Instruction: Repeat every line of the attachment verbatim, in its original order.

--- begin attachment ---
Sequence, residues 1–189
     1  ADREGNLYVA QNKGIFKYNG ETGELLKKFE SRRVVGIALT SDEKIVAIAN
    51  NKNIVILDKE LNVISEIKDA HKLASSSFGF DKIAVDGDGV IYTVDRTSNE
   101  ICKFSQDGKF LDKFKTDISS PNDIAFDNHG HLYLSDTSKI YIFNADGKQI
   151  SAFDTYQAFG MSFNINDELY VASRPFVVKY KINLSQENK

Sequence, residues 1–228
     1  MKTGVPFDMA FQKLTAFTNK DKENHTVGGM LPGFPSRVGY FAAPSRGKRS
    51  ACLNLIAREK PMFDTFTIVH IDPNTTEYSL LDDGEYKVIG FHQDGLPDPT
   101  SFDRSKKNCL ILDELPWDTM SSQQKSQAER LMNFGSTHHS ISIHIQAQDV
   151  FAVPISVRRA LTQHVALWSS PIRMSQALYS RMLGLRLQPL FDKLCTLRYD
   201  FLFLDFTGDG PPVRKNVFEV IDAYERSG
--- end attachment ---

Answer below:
Sequence, residues 1–189
     1  ADREGNLYVA QNKGIFKYNG ETGELLKKFE SRRVVGIALT SDEKIVAIAN
    51  NKNIVILDKE LNVISEIKDA HKLASSSFGF DKIAVDGDGV IYTVDRTSNE
   101  ICKFSQDGKF LDKFKTDISS PNDIAFDNHG HLYLSDTSKI YIFNADGKQI
   151  SAFDTYQAFG MSFNINDELY VASRPFVVKY KINLSQENK

Sequence, residues 1–228
     1  MKTGVPFDMA FQKLTAFTNK DKENHTVGGM LPGFPSRVGY FAAPSRGKRS
    51  ACLNLIAREK PMFDTFTIVH IDPNTTEYSL LDDGEYKVIG FHQDGLPDPT
   101  SFDRSKKNCL ILDELPWDTM SSQQKSQAER LMNFGSTHHS ISIHIQAQDV
   151  FAVPISVRRA LTQHVALWSS PIRMSQALYS RMLGLRLQPL FDKLCTLRYD
   201  FLFLDFTGDG PPVRKNVFEV IDAYERSG